Even though I was exhausted, I had to take one kid for their appointment almost everyday. No, not the fun sort. It was either to see the eye doctor, the podiatrist for an ingrown toe nail, another eye doctor for a second opinion, a GP for antibiotics (because of the infected toe), the dentist for braces, another doctor to follow up on a spine problem, etc, etc. As I was grumbling about how much time I’ve wasted waiting in hospitals and waiting rooms this past fortnight, #2 pointed out, “Mum, how come you are surprised. You’ve got 6 kids. Expected, right?”

Yup, right. It never rains but pours.

Our holiday has been so dull that the highlight so far was watching Jurassic World. The kids absolutely loved it. Even Kate. I tried shielding her face during the scenes where I thought she might be scared, but she kept swiping my hand away until the hubs told me to stop spoiling her fun.

Which plane is Auntie Mary on?

But you know what? When we went to pick our helper from the airport, and she was telling me how her children cried when she left, I felt so disturbed. Here I was thinking what a tough 2 weeks I’ve had (with the kids cooped up indoors, they have been getting on one another’s nerves, and mine), yet I can’t even begin to understand how it must feel for her and all the other foreign workers who are parents, to have to leave their young children behind and see them once every 2 years.

We have so much to be thankful for. Too easy to take everything for granted.

~ www.mummyweeblog.com – a blog on parenting 6 kids in Singapore ~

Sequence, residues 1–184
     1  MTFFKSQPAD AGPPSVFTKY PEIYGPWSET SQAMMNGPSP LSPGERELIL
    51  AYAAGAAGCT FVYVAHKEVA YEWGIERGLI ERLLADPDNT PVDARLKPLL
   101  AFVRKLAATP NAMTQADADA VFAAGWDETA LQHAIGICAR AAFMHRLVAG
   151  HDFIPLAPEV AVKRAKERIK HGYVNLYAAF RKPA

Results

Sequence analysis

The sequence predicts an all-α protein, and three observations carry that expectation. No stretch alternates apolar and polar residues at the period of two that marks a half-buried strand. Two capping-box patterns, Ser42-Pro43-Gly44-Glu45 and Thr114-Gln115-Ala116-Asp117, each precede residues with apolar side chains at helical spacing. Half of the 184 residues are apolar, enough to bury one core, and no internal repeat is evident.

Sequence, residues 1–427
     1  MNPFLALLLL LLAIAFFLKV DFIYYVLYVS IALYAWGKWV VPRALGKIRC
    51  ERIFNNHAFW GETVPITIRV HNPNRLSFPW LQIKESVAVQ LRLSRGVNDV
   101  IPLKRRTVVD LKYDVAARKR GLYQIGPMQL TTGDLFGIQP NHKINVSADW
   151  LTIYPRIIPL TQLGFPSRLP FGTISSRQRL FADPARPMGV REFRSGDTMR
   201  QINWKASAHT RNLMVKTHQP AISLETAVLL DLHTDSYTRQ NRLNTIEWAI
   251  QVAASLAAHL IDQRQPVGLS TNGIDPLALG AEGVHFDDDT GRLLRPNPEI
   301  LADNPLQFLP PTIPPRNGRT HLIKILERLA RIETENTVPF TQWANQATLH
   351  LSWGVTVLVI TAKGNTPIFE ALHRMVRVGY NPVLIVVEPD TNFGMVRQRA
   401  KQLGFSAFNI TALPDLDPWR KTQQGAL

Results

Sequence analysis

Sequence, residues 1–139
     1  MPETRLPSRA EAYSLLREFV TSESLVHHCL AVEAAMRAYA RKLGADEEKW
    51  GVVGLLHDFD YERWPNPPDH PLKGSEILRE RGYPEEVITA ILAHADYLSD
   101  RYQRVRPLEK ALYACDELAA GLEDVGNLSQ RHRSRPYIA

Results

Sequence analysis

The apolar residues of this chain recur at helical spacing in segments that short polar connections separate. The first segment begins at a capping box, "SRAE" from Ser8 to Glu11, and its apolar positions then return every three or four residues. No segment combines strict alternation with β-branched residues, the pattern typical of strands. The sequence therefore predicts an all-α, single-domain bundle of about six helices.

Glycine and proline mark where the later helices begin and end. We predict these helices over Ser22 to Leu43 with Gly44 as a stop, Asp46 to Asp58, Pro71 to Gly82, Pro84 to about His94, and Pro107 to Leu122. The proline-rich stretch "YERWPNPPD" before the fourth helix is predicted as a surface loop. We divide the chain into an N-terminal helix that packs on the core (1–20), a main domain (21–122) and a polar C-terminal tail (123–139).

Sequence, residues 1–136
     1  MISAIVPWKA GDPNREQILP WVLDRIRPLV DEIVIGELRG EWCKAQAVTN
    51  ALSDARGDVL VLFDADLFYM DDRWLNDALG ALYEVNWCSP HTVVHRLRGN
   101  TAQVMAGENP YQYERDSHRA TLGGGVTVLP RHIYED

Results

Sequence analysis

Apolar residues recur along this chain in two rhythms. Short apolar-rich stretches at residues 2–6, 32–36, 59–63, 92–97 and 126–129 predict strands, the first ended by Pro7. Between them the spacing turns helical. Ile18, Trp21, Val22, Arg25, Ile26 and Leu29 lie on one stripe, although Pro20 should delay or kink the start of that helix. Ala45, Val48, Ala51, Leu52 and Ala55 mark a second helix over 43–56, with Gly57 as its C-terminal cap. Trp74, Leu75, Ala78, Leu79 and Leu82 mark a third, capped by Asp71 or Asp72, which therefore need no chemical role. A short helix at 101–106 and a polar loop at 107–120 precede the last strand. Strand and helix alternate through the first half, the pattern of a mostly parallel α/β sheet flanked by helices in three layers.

Small Spaces: #5’s Play room

With 6 kids, this is how we house them. The 4 older girls share 2 rooms, and #5 has his own ‘lair’, as he likes to call it. During the school holidays, he ties bedsheets all around the room and turns it into his ‘fort’.

Kate is too young to need (or deserve) her own room, but #5 very generously shares his space with her. Anyway, he was so used to sleeping with us in our old place that he doesn’t quite dare to sleep by himself. So now, it serves as a play room for the both of them.

#5’s room

His study table was passed down from #3 when we moved, but he hardly uses it as he does his homework downstairs in the living room. These space-saving study tables were very useful for us previously as it allowed every child their own little station to keep their possessions.

See those little Lego guys? They were mostly bought by his doting grandpa. One day, a friend came over and mentioned that Lego is so expensive. One small box with one figurine costing $39. I was confused and told her that #5’s set came with 5 of them. She insisted that her son’s set only had one. In the end, we found out the truth from #5 that his gong gong bought him extra figurines but told him to pretend that they all came together. My friend was speechless. So was I.